Dino Shuffield was diagnosed with a medical condition that meant he would go bald.
Alopecia areata, an autoimmune disease, attacks the hair follicles, according to WISN. Dino was advised to shave his head as a result.
But Dino’s teacher, Ehren Steiner, decided he did not want to make the student go through the hair loss on his own.
“It stinks sometimes to go through things on your own, and I think if you can have somebody to walk through things with, it makes life more enjoyable,” Steiner told WISN.
Steiner spoke to Shuffield about his decision.
“I just kind of brought it up, ‘Hey man, I’ll shave mine, too, if that would make it easier,’ and I told him to think about if for the rest of the school day,” Steiner added.
Dino then told his teacher he had decided to shave his head over the weekend. When Dino arrived at school on the following Monday, he got a surprise.
“My jaw dropped. I’m actually like, he did it,” said Dino. “[He’s the] best teacher in the world.”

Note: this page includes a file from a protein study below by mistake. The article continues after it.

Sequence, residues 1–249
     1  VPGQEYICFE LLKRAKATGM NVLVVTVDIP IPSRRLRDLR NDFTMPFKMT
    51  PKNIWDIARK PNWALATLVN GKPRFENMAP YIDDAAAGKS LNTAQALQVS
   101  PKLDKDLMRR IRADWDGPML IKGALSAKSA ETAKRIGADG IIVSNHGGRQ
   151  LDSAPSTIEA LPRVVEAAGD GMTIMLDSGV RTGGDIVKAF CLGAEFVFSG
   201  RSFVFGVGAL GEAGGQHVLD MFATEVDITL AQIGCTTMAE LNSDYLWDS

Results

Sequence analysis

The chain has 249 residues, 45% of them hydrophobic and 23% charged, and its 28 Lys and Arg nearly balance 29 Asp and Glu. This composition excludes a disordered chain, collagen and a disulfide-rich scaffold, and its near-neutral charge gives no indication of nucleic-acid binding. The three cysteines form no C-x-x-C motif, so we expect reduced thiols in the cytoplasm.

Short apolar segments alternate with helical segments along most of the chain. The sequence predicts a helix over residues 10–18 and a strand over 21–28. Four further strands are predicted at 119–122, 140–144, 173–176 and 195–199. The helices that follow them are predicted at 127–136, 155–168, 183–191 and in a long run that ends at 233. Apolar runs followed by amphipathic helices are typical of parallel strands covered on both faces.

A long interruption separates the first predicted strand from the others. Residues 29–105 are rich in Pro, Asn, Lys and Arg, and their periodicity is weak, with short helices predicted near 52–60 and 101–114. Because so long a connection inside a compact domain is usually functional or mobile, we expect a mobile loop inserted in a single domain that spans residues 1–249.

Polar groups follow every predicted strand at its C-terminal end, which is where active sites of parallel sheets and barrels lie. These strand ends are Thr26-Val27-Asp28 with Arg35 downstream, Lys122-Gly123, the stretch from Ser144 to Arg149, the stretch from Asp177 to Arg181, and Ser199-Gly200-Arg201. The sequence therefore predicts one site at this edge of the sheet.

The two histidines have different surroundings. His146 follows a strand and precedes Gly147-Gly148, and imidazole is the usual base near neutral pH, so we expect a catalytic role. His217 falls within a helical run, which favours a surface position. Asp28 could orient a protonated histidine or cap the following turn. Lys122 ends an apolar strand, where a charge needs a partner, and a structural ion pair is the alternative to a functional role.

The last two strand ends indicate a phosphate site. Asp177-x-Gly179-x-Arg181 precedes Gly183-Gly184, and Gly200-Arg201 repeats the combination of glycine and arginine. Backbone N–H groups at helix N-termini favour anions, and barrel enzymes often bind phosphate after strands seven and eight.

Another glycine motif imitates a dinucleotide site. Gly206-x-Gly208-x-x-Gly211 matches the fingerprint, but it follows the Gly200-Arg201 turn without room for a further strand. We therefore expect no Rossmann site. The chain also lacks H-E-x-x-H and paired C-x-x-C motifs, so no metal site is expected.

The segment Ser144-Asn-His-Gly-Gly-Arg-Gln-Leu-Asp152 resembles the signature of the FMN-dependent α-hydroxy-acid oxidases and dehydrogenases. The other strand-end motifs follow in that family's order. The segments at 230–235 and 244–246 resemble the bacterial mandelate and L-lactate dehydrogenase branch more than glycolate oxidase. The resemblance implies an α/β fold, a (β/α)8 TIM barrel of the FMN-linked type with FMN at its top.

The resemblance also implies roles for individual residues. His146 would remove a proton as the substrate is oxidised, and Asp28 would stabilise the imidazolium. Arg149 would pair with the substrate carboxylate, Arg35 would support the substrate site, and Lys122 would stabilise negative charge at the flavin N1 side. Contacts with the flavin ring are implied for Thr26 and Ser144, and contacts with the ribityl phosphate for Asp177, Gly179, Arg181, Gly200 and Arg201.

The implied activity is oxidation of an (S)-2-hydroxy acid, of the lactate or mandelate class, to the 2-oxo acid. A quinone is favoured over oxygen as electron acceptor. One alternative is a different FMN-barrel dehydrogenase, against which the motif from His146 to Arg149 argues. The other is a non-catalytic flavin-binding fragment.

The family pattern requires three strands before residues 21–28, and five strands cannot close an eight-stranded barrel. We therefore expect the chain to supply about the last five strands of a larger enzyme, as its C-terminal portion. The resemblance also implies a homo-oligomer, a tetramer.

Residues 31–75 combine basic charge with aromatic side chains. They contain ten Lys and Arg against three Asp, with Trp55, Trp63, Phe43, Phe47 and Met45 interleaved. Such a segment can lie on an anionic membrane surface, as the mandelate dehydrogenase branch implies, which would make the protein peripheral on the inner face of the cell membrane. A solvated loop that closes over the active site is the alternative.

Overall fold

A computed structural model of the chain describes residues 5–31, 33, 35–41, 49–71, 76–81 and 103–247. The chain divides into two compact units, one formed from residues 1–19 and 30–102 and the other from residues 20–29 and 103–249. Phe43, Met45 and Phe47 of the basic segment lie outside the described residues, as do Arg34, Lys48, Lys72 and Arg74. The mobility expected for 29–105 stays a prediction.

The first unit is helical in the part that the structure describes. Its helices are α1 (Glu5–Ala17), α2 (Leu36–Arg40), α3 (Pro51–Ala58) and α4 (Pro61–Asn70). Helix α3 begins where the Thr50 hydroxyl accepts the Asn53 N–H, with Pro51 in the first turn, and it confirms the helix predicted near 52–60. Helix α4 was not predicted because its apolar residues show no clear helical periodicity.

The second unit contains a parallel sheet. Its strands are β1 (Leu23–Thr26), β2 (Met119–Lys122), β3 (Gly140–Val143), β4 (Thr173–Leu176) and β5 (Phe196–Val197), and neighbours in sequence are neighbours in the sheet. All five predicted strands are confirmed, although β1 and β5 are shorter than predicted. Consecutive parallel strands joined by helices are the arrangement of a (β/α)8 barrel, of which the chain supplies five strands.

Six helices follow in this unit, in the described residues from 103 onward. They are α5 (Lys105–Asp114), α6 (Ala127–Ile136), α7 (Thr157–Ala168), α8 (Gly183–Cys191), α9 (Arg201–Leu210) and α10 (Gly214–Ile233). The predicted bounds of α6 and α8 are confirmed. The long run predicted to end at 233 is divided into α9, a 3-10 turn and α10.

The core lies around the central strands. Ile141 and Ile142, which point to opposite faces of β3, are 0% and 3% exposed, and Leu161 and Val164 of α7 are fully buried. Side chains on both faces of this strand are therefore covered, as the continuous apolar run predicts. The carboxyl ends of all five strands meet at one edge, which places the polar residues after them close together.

Both commented that most students had responded positively.
Alopecia areata can also be brought on as a consequence of stress, as another student recently found out. Katie-Anna Moore lost over 70 percent of her hair while studying for her university exams.
“I was crying all the time and didn't want to talk to my friends or tell the university what was going on,” Moore told the Daily Mail.
“I got more and more self conscious about it until I stopped going to classes completely and wouldn't socialize with friends for a month,” she added.
Ultimately, Moore decided like Dino to shave her head and return to school.